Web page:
9. If you get hit by a pitch and there aren't lace marks in your skin, it's really just a waste of time.

You love being able to showcase your bruises at school on Monday when all of your non-softball friends ask, "Does it hurt to get hit with a fastball?" and you can coolly and calmly answer, "Nah." Bruises up your street cred, and lace marks are just bonus points. So, when you don't have any stitching embedded in your skin, you wish you could just have the chance to bat. Take your base.

10. When the bat meets the ball juuuuuust right, it is the most powerful feeling in the world.

Your dad was right when he told you to keep your head down when you swing. You always thought that the "sweet spot" of the bat was just a myth until you hit your first home run. The rush of adrenaline will make you feel so powerful that you'll try to see if you can pick up a car in the parking lot with your bare hands after the game, but you still can't.

11. You will always consider your team to be your best friends.

After spending every weekend together, you and your team create a bond so close that it borders on uncomfortable. You may take out your frustrations on each other from time to time like when someone steps on the freshly chalked line before the game, or when you all fight over the ball with the best, most prominent laces for your warm up toss. But at the end of the day, your team will always be the biggest bunch of weirdos you know, and that is irreplaceable.

Cover Image Credit: Art Mad

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Andy Ruiz Jr. May Not Look Like The Typical Boxer, But It Doesn't Make His Victory Any Less Deserved

Andy Ruiz Jr. just proved that dreams can come true.

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On June 1, boxing fans witnessed something special as Andy 'Destroyer' Ruiz Jr. defeated Anthony Joshua via TKO after going seven rounds in the ring at Madison Square Garden in New York City to become the first ever Mexican-American heavyweight champion of the world. Ruiz Jr. (33-1) was a heavy underdog (+1100) heading into the match-up with Joshua (22-1) but ultimately flipped the script to hand the British fighter his first professional loss ever. Surely the fight will go down as one of the greatest moments in sports history.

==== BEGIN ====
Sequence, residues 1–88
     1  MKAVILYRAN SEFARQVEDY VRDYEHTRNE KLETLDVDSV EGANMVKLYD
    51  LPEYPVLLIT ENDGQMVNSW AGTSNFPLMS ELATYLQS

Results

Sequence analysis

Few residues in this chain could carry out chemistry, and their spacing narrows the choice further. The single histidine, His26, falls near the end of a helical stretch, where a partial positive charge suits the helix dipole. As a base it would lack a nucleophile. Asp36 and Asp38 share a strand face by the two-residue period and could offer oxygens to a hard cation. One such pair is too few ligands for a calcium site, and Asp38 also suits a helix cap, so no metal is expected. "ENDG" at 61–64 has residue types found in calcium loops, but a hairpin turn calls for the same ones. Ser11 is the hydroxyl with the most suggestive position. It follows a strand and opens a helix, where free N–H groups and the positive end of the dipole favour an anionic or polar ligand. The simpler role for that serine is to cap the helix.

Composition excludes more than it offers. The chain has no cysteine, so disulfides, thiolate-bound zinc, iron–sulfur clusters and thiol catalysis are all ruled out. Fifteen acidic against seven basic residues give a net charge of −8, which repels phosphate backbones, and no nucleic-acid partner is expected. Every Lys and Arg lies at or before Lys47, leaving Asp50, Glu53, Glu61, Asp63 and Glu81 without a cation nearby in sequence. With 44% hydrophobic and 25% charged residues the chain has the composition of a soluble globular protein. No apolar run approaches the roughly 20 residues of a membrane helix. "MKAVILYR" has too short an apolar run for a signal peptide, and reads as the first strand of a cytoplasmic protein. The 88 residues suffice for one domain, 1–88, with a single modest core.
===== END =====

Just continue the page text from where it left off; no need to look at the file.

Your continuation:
Some members of the media and fans have been quick to label the fight as a 'fluke' and 'rigged' which in the end is no surprise to me. That always happens in the sports world. Many did not believe we would get this result yet failed to remember the one rule of sports -- expect the unexpected. Over the past week, I've been coming to the defense of Ruiz Jr. in the wake of others choosing to call him a joke.

I was shocked and surprised to hear two of my favorite sports analysts, Stephen A. Smith and Shannon Sharpe, make fun of Ruiz Jr. and frame him as just a guy that looked like 'Butterbean.' When I viewed their tweets on social media it honestly made me upset. Sure, Ruiz Jr. may not have fit the mold of what a professional boxer should look like, but they simply should not have just judged a book by its cover.

Personally, I thought it was disrespectful for Smith and Sharpe to throw shade at Ruiz Jr. in the way they did. I felt like they should have done a better job of acknowledging the winner considering the result of the match. Yet choosing to bash someone because of their physical composition appeared like a low blow. The very foundation of sports allows people of all shapes, sizes, genders, races, and backgrounds to compete -- that's why most people follow them in the first place.

Smith was open behind his reasoning for his tweets in which I'd like to shed some light on. Smith was upset about how boxing time after time contains elements of corruption with fans having to wait years until promoters schedule big fights. He along with other followers of the sport were looking forward to the highly anticipated yet potential future match-up between Joshua and fellow heavyweight Deontay Wilder. Smith believes that by Ruiz Jr. beating Joshua it essentially diminished the chances of that fight ever happening with the same amount of buildup, but that still doesn't provide any excuse for mocking the new heavyweight champ.

Ruiz Jr. was there for a reason and ultimately seized the opportunity that was right in front of him -- that's not his fault for getting the job done. Just because someone doesn't look like the part doesn't mean they don't possess the same qualities and characteristics as their counterparts. The following pair of videos display the amount of talent Ruiz Jr. does have in the ring. Even fellow boxer Canelo Alvarez and former UFC lightweight/featherweight champion Conor McGregor acknowledge that and have come out to say something on their behalf.

Unfortunately, I don't expect much to change because most will stand their ground and continue to behave the same way. All I'm saying is I did not enjoy some of the top figures within sports media stereotyping Ruiz Jr. based on his looks. I would think that we would be better than that and recognize that anyone can accomplish something great in this world. It all just starts with a simple dream.

I understand and respect other people's takes on this subject, maybe I'm looking into things deeper than what they are, but it struck a chord with me and I felt the need to say something about it.